I am moving slow today, but manage to make it to my hair appointment on time. No bag problems like last time! Leslie and I spend our time together talking about the elder care that she and her sister are currently giving her mother and her aunt. She remembers her mother doing the same for her elders that Leslie now finds herself doing, and wonders who will be there for her when she gets older. It is one of those questions you never think about when you are younger, and then suddenly, there it is staring you in the face, making you wonder what your own future will look like when you get older.
Alex takes me on a run to Target, dropping me to shop while he gets his hair cut. I forget that shopping on a chemo weekend is not a great idea until too late. I see a Little Tikes wagon in front of The Children's Orchard, a second hand clothing store near the Supercuts Alex is getting his hair cut at. I have been thinking I need a new wagon for some time, and have wondered if I would find one similar to what I already have.
Most newer wagons seem to have seating for only two children facing each other. This is very limiting for the use of a wagon. Sara and I take a side off of ours, and let three or four kids ride side by side, watching that they stay seated and sit back so they won't fall out. Wagons are also useful in hauling things around, like coolers and odds and ends for outings at the park. The flatbed really is the most useful wagon for my purposes, I just haven't seen any in the stores in a while, and paying for shipping for something online just seems too outrageous.
This wagon is perfect though. It is similar to what I need to replace, with better wheels for tighter turns. I can't pass it up. This is probably not the best time for me to be buying this wagon, but there it is, and I am shopping with chemo head. We take the sides off and slide it into the back of Alex's car. Did I mention that the wagon I am replacing this one with is about twenty years old? I have changed the wheels and axle on it twice, and it really has had a good run, but the axle is starting to wear through the plastic, so it has this tilt to it. I does really need to be replaced. Maybe this isn't such a chemo headed mistake.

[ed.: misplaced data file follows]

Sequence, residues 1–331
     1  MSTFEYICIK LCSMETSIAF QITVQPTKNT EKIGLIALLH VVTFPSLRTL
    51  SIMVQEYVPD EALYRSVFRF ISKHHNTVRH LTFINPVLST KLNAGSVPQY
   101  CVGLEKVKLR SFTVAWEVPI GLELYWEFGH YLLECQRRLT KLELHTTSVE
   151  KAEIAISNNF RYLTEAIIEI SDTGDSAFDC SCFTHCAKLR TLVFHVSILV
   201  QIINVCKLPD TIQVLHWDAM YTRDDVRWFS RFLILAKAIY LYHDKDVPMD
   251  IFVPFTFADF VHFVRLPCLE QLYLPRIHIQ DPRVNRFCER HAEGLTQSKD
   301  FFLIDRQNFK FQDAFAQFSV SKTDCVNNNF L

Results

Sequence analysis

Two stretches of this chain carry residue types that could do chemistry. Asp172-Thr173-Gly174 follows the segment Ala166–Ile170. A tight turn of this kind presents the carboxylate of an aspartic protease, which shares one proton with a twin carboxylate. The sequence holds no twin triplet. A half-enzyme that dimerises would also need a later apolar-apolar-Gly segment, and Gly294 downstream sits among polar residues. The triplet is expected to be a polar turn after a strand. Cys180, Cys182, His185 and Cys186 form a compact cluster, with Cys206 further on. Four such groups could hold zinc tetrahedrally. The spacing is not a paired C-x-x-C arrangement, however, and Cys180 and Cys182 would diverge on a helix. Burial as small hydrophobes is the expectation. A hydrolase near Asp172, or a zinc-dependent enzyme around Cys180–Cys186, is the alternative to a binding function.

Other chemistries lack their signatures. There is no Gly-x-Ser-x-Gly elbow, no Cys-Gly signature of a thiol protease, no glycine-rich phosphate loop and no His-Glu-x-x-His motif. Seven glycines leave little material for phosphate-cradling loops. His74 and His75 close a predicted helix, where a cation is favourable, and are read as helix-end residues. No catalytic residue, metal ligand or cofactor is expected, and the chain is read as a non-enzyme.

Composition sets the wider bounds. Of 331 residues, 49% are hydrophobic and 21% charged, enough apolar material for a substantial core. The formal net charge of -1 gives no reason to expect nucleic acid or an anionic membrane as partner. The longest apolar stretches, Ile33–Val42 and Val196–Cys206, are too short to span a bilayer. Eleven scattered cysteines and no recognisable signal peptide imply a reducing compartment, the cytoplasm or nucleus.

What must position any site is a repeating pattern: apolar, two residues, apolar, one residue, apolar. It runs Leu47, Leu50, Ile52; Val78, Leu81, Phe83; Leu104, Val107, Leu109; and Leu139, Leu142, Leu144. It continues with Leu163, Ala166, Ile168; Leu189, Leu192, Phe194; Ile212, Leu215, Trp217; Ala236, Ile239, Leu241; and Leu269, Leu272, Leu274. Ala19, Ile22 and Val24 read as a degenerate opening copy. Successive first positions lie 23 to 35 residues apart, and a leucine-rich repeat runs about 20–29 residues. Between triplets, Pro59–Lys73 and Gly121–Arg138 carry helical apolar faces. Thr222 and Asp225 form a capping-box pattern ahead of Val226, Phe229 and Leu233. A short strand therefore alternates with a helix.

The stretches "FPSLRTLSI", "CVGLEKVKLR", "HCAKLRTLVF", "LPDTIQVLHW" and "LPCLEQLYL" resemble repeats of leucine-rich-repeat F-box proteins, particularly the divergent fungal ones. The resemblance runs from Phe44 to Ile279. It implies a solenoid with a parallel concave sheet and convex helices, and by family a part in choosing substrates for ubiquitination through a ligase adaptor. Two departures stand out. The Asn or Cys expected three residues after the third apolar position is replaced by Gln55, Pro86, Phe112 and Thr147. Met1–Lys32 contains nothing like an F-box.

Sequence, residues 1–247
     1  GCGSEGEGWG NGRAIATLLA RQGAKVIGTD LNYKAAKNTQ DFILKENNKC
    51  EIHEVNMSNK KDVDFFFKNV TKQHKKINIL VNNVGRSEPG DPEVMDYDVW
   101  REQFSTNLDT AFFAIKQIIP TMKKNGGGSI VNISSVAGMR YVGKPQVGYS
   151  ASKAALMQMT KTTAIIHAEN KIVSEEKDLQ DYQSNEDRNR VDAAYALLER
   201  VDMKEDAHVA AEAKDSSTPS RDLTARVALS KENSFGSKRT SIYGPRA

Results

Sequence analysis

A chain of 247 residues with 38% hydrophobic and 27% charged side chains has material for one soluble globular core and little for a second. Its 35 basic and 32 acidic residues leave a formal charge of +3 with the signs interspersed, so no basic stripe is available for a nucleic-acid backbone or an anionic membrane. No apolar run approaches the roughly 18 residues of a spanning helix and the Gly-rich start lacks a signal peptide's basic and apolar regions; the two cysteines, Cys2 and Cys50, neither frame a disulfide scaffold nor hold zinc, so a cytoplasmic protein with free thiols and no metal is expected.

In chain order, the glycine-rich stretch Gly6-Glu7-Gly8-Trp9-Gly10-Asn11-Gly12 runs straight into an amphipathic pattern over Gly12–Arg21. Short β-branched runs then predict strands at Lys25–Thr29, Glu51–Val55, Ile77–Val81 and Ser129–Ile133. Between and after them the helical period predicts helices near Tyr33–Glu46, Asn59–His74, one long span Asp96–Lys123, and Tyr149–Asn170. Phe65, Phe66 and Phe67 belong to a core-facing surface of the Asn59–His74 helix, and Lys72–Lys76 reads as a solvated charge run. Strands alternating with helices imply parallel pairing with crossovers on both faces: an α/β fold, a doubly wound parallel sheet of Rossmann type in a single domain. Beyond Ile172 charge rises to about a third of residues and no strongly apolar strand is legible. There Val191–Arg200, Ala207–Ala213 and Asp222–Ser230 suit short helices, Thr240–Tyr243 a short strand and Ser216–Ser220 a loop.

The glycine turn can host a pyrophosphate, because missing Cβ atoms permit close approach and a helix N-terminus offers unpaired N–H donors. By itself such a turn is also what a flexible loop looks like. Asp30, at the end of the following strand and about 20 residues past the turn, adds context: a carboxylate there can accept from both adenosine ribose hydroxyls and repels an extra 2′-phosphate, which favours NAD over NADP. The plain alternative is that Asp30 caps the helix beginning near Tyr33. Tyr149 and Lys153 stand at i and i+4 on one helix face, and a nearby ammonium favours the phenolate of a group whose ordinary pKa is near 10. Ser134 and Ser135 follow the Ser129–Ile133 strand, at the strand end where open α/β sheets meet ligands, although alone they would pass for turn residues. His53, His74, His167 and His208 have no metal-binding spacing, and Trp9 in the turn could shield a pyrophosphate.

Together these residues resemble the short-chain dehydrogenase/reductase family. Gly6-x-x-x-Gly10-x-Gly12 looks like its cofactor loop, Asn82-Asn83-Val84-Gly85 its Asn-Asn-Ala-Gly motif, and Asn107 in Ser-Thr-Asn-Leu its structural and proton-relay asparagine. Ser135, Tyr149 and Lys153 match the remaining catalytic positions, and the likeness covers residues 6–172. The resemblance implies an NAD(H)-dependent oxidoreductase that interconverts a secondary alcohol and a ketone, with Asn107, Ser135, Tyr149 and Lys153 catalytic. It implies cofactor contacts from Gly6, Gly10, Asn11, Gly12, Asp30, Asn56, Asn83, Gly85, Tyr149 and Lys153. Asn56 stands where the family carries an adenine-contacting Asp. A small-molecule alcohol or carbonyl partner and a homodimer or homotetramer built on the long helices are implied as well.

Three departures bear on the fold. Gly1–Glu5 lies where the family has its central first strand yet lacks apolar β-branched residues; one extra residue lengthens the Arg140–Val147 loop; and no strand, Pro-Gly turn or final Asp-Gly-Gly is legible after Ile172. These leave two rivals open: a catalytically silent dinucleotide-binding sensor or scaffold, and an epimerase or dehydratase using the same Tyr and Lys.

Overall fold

Shopping totally wipes me out, so when I get home I settle in for a nice nap.
Later, Alex hangs out with me and we spend our time talking about life and relationships. It is a nice way to spend and evening.
I can't get out of bed today. The forecast is for twenty five degrees, and I can tell by the coolness of my room it must be cold out. I just know that when my feet hit the floor, it is going to hurt, even with socks on. I need to get ready for church, but I can't convince myself that getting out of bed will be good. My feet and finger tingles are strong and painful now and I lay in bed for three hours before I finally make myself get up. I need to cut out turkey parts for our Sunday school project, and it is not going to get done in bed.
As soon as I start cutting the construction paper, I know I am not going to make it in today. With every cut I make it seems like my fingers get colder and more painful. I manage to get all of the pieces cut out, and Steve offers to brings them in for me. I am missing out on our kindergarten thankfulness project, a Thanksgiving chapel on gratitude, and visiting with the Sr. High Youth. This makes me a little sad, but I still can't get myself to make it out the door.
Alex gets up as I am wondering around trying to find ways to warm my fingers and feet. I have on mittens, multiple socks and have turned up the heat. He asks me why I am not using the handwarmers that Ellie sent me. It is one of those moments where the most brilliant of light bulbs illuminates the room. Of course, that is exactly what I need! He gets me two packets, opens them up and activates them for me. I place them in my mittens and in minutes I am pain free! It is the most amazing thing, I feel like I can live again. I even feel like I could make it to church, except that it has already started so by the time I got ready to go, it would be almost over.
Alex makes me some oatmeal, Steve makes some hot cocoa, and soon I am warm and fed, and life is good again. I wish more problems were so easily solved.
Allie and I go for a drive to Cumberland and back today. As I get into her car, I am dressed for the cool weather and clutching my hand warmer filled mittens, and then in the sunny, warm car. It is better than being cold I guess.
Later in the afternoon, Steven and I finally make it to The Christmas Carol at Trinity Rep. We are there at the right time on the right day, and we meet Betsy who has some comp ticket for us. Steven has met her through some of the work he has been doing. She is also a cancer survivor, and wants us to have a fun night out. She also offers us four tickets to see a preview of Barefoot in the Park on Wednesday. We are totally on board with that. We immediately text Ayla to see if she would like to come along to see that show. How lucky are we, to have the opportunity to go to Trinity twice in one week?
I have been to the Christmas Carol a few times over the years, and some years it seems more serious and grim than others. This year it is a joyful music filled version, and we both love it. The costumes, the sets, and the acting is all wonderful.
The show started at five, and there was no intermission, so we are out into the night by six thirty. I am so warm and cozy with my hand warmers I can even face the chill of the night. It is such a good ending for a day that started so cold.